Canadian border before snow levels rise. Accumulations in these
areas should be light. As the low weakens and tracks into British
Columbia on Sunday mild southwest winds again develop across the
Columbia Basin, Spokane area, Palouse, and LC Valley with highs
again very mild in the mid 40s to near 50. JW
Sunday night through Friday: Subtle change in the overall weather
pattern for the start of next week. Instead of weather systems
coming at us from the southwest, they will be more from the west.
Thus they will be a little cooler, for a little better chance of
low-elevation snow, mainly in the late night and morning hours.
Not looking for anything appreciable even if it does occur.
Looks like there might be a brief break in the precipitation
around Tuesday night or Wednesday. But another even warmer system
moves in around Thursday. Snow levels in the Panhandle rise to
about 5000 feet.
The cold front that comes through the region on Thursday night and
Friday could be a windy one. Not much computer model agreement on
it at this point, but some ensemble members show the potential for
a high wind event. Too far out in the forecast to get into
details, but it will bear watching. RJ
Yesterday light snow accumulations were happening at upper elevations only with rain level at 5000' elevation in the Selkirks. I observed a few inches of new wet and heavy snow at 6100 feet that became sticky at 4500 feet. Total snowpack was 10 feet and very consolidated. There were some weaknesses 6 inches down and 1.5 feet deep in the pack that appeared to be due to snow density change and the new load of wet heavy snow atop those layers. That is my primary concern for today with up to 8 inches of snow coming throughout the day. We also had observations submitted by a private party from Lunch Peak at 6280 reporting 11 feet of snow and 3 moderate failures in the upper 2 feet of snowpack on the storm snow interfaces.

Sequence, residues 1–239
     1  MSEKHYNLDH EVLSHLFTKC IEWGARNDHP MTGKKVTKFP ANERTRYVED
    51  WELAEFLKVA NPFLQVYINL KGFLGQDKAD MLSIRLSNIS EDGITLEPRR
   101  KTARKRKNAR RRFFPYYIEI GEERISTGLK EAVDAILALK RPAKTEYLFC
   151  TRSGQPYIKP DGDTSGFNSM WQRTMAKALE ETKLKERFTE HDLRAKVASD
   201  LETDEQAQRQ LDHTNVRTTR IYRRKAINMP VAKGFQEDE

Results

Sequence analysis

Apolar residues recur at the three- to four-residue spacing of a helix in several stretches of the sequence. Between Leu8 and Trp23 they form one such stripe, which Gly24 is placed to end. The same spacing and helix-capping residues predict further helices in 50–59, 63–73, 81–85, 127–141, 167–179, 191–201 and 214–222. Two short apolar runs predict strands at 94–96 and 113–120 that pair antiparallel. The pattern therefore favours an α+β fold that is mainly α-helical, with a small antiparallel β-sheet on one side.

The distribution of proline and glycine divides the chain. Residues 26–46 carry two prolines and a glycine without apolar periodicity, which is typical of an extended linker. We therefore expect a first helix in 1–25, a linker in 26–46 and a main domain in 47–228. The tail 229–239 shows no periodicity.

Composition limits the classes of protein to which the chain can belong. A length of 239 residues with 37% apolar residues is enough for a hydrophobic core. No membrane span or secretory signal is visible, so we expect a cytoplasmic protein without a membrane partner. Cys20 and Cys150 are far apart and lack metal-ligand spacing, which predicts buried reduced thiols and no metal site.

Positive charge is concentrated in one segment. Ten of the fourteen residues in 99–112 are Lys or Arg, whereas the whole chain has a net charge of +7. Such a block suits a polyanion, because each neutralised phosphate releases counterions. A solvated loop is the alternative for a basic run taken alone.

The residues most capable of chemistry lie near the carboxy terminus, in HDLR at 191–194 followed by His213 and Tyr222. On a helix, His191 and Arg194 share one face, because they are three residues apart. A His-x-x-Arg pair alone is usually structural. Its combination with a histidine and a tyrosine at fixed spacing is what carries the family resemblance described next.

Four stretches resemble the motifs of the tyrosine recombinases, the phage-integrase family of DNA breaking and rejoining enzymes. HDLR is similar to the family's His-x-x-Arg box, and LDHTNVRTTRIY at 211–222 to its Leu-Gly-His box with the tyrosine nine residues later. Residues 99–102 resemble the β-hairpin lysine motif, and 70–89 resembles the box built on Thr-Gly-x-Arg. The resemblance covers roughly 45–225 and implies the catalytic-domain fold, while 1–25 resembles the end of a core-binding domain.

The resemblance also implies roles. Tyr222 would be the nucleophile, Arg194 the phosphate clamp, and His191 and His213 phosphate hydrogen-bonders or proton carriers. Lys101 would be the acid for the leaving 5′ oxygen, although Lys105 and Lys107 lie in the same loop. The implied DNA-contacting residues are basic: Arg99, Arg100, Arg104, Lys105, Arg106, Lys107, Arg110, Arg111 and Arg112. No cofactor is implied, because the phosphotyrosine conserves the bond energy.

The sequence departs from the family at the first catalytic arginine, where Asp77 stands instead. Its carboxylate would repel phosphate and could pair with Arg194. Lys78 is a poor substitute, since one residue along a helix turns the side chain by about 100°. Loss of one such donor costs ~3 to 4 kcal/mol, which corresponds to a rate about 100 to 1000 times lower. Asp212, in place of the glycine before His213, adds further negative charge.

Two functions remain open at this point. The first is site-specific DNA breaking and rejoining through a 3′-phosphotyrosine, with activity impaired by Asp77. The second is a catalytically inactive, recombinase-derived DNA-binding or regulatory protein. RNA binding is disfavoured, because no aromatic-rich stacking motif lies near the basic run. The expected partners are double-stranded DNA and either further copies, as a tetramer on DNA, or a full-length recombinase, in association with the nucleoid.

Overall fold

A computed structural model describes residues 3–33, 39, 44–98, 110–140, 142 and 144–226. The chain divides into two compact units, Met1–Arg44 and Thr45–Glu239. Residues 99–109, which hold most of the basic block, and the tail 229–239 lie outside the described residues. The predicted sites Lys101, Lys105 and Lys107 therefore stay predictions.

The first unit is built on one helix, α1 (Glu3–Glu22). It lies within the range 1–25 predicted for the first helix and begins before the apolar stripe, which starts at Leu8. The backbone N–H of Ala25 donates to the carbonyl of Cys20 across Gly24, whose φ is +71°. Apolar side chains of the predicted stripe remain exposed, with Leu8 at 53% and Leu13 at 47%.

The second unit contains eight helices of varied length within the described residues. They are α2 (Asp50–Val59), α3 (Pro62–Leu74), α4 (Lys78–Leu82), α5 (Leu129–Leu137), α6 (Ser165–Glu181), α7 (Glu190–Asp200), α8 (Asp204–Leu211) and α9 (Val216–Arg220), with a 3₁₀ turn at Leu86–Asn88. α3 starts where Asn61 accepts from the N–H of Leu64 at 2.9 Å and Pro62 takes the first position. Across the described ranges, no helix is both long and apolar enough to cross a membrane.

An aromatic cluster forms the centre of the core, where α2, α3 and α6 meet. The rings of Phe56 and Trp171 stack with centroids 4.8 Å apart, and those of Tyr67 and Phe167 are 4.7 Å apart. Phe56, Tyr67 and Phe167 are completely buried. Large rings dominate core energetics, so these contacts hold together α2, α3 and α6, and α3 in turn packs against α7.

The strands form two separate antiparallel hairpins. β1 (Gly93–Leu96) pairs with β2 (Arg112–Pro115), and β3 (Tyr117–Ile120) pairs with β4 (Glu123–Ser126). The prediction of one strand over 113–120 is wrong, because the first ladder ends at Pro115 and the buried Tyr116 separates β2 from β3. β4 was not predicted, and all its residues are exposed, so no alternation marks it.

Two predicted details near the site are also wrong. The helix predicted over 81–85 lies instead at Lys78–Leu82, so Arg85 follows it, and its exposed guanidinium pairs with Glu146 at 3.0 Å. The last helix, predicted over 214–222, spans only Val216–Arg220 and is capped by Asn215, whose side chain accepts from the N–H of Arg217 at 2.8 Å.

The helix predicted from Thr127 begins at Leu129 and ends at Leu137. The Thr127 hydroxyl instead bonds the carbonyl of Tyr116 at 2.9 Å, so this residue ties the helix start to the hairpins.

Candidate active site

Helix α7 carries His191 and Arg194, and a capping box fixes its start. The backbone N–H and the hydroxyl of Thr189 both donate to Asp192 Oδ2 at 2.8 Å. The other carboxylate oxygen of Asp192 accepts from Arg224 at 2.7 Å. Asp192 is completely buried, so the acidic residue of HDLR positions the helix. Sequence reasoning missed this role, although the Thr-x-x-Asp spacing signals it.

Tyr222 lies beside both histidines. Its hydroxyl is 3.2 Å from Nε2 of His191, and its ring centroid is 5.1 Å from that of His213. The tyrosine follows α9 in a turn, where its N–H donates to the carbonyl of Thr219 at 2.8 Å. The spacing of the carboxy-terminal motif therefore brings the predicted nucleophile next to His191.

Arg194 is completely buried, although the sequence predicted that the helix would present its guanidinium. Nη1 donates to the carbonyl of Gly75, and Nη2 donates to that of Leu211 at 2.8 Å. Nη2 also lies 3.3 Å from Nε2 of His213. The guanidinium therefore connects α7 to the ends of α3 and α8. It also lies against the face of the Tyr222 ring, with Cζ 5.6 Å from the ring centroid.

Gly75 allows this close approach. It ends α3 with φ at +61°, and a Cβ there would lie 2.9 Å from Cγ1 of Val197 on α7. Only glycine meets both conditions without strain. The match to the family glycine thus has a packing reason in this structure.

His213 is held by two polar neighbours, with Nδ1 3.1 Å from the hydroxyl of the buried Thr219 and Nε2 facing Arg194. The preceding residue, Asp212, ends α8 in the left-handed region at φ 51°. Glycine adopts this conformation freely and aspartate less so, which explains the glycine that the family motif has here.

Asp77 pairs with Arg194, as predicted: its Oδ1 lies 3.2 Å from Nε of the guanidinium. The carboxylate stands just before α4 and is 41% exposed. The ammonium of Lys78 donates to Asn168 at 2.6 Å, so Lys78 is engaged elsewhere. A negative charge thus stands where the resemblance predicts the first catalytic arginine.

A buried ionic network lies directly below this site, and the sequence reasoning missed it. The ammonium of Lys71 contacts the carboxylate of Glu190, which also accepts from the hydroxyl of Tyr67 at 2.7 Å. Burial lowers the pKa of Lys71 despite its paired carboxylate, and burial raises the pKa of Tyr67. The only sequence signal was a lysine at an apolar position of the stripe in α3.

Temperatures decreasing to 27 with 2 to 4 inches with breezy conditions today. Temperatures expected to stay below 32 through weekend.
|0600 temperature:||31 deg. F.|
|Max. temperature in the last 24 hours:||35 deg. F.|
|Average wind direction during the last 24 hours:||250|
|Average wind speed during the last 24 hours:||10 mph|
|Maximum wind gust in the last 24 hours:||35 mph|
|New snowfall in the last 24 hours:||2 inches|
|Total snow depth:||115 inches|
Avalanche conditions change for better or worse continually. Backcountry travelers should be prepared to assess current conditions for themselves, plan their routes of travel accordingly, and never travel alone. Backcountry travelers can reduce their exposure to avalanche hazards by utilizing timbered trails and ridge routes and by avoiding open and exposed terrain with slope angles of 30 degrees or more. Backcountry travelers should carry the necessary avalanche rescue equipment such as a shovel, avalanche probe or probe ski poles, a rescue beacon and a well-equipped first aid kit. For a recorded version of the Avalanche Advisory call (208)765-7323.
This website is owned and maintained by the Friends of the Idaho Panhandle Avalanche Center. Some of the content is updated by the USDA avalanche forecasters including the forecasts and some observational data. The USDA is not responsible for any advertising, fund-raising events/information, or sponsorship information, or other content not related to the forecasts and the data pertaining to the forecasts.